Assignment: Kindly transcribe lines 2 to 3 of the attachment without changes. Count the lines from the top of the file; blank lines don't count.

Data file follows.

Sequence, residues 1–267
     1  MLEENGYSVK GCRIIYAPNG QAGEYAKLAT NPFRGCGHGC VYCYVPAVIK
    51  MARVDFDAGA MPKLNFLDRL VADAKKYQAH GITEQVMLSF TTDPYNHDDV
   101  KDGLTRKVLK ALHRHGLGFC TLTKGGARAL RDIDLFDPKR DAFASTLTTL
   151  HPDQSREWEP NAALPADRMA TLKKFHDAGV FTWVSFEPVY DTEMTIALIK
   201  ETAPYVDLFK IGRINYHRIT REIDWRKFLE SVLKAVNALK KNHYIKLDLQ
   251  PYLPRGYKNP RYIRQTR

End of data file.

     1  MLEENGYSVK GCRIIYAPNG QAGEYAKLAT NPFRGCGHGC VYCYVPAVIK
    51  MARVDFDAGA MPKLNFLDRL VADAKKYQAH GITEQVMLSF TTDPYNHDDV